Longtime news anchor Jartz has a great second gig with the Packers
By Greg Bates
GREEN BAY – Those who watch WBAY TV-2 in Green Bay during the week for the 5, 6 and 10 p.m. newscasts know him as Bill Jartz.
His friends call him VOLF: Voice of Lambeau Field.
He’s a larger-than-life figure who comes off as a jubilant cheerleader during Packers games and a serious but witty anchor at the top-rated station in the 70th largest television market in the country.
In his 17th year as the public address announcer for the Packers, it’s a gig Jartz said he loves.
“Sometimes you’ve got to pinch yourself,” he said. “When you walk out of the stadium after a big win, and you think there are times you made a difference. If there’s a critical down and you got the crowd revved up, it unfolds the way you want it to. They seem to respond to me.”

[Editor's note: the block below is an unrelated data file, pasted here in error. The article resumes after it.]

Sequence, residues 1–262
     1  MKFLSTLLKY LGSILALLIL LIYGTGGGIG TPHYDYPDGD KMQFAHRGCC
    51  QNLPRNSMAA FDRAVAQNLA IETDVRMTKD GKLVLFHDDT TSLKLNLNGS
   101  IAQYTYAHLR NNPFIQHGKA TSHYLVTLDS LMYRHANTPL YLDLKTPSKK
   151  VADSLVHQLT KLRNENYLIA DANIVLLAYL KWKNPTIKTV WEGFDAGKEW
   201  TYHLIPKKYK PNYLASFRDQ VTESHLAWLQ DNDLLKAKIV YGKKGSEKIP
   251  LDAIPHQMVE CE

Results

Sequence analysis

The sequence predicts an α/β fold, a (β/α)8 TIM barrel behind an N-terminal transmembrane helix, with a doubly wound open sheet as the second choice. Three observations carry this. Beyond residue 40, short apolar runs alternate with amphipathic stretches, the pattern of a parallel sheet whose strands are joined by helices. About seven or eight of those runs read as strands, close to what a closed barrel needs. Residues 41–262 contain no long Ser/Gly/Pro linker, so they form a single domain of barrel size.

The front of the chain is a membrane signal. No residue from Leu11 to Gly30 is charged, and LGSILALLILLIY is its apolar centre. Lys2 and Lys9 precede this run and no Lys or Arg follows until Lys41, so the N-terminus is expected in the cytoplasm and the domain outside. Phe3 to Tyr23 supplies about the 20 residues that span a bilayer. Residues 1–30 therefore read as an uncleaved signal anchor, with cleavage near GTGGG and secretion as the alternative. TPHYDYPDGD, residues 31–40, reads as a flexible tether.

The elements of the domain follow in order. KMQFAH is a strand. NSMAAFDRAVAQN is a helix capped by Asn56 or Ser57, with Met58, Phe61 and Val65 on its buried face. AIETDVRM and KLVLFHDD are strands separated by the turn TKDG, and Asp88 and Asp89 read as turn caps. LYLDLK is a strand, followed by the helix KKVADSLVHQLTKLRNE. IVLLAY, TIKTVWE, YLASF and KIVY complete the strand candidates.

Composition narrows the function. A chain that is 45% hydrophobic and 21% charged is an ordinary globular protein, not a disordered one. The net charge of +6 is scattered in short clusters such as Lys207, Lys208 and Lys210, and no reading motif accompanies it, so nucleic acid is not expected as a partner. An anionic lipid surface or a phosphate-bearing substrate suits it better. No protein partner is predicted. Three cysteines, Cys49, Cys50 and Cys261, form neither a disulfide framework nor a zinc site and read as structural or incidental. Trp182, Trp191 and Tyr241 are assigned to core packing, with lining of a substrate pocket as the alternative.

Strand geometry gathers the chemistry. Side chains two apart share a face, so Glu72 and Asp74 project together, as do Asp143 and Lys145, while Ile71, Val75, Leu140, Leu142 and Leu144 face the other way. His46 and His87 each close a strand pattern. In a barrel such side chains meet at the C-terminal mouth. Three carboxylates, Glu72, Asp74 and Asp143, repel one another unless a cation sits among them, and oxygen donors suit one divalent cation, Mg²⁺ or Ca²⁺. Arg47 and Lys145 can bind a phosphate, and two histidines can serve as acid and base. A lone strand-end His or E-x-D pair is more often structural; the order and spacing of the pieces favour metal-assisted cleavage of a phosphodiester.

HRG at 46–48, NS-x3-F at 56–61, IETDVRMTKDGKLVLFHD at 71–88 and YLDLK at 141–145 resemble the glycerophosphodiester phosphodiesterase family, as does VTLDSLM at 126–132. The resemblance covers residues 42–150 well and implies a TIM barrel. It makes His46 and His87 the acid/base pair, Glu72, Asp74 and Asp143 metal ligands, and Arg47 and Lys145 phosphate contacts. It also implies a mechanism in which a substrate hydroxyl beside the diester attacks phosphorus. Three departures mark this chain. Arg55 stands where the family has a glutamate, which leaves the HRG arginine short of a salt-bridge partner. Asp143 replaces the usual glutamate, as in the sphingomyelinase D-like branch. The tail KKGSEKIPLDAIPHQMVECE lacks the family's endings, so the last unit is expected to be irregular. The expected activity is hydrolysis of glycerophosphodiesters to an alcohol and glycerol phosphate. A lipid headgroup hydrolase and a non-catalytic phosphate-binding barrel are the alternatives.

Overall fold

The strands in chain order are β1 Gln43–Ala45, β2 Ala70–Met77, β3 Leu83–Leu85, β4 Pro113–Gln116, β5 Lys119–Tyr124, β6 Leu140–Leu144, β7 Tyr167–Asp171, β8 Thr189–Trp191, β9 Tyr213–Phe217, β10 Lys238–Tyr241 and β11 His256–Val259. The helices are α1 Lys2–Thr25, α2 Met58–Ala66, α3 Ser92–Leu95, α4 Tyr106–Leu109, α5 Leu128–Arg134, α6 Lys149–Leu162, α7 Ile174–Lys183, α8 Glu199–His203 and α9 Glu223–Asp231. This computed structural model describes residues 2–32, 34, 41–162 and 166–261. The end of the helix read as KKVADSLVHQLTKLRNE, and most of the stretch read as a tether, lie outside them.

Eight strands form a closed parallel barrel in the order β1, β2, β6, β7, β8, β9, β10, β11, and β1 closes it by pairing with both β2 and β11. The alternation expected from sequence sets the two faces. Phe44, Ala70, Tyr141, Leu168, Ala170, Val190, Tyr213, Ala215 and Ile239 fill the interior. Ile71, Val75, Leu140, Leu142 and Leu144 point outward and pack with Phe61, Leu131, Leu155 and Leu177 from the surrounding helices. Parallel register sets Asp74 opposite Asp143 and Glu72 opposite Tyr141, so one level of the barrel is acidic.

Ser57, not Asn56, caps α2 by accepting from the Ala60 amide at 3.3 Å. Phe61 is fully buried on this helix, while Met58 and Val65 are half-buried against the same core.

Jartz said when he runs into people, they ask him more about his public address announcer job more than his TV profession.
“On TV, if you misspeak a government official’s name, nobody cares,” Jartz said. “Misspeak over (at Lambeau Field) and it’s, ‘What are you doing? Don’t you know what to do?’”
Jartz’s first experience with public address announcing came when he was a sophomore at Clintonville High School, and he called boys’ basketball games.
Calling games at Lambeau Field became a reality in summer 2005.
Jartz was staining his house when he received a call.
He debated answering it but chose wisely and picked up the phone.